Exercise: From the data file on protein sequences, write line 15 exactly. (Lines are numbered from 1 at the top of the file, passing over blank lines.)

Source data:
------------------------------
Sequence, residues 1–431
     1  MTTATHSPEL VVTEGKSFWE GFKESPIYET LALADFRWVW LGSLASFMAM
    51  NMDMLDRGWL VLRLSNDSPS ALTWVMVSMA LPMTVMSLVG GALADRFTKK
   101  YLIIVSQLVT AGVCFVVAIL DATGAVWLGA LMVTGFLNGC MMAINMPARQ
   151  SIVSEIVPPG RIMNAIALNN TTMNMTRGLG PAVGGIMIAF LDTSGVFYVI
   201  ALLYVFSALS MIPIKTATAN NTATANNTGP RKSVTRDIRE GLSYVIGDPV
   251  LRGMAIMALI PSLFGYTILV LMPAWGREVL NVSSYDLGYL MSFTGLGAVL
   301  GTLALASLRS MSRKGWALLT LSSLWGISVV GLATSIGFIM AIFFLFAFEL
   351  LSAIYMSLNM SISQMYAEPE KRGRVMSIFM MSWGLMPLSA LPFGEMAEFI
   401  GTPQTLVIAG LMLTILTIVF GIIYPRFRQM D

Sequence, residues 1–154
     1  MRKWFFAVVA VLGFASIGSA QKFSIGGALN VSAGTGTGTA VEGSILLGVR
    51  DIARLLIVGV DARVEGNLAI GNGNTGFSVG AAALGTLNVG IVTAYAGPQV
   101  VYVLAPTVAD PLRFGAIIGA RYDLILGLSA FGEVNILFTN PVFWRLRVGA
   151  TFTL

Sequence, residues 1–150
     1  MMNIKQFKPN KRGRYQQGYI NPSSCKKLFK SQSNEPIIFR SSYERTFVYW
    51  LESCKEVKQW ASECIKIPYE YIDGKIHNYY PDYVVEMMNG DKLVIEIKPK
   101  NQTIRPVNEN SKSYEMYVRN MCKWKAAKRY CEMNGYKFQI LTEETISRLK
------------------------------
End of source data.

   151  TFTL